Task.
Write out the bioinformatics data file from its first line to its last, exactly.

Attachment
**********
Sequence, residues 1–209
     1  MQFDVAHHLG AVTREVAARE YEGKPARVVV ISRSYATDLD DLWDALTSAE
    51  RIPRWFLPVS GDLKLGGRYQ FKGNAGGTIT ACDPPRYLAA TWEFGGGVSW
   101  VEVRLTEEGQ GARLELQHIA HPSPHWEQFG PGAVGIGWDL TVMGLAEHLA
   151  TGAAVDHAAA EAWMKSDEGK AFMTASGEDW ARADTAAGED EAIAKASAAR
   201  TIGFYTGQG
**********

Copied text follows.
Sequence, residues 1–209
     1  MQFDVAHHLG AVTREVAARE YEGKPARVVV ISRSYATDLD DLWDALTSAE
    51  RIPRWFLPVS GDLKLGGRYQ FKGNAGGTIT ACDPPRYLAA TWEFGGGVSW
   101  VEVRLTEEGQ GARLELQHIA HPSPHWEQFG PGAVGIGWDL TVMGLAEHLA
   151  TGAAVDHAAA EAWMKSDEGK AFMTASGEDW ARADTAAGED EAIAKASAAR
   201  TIGFYTGQG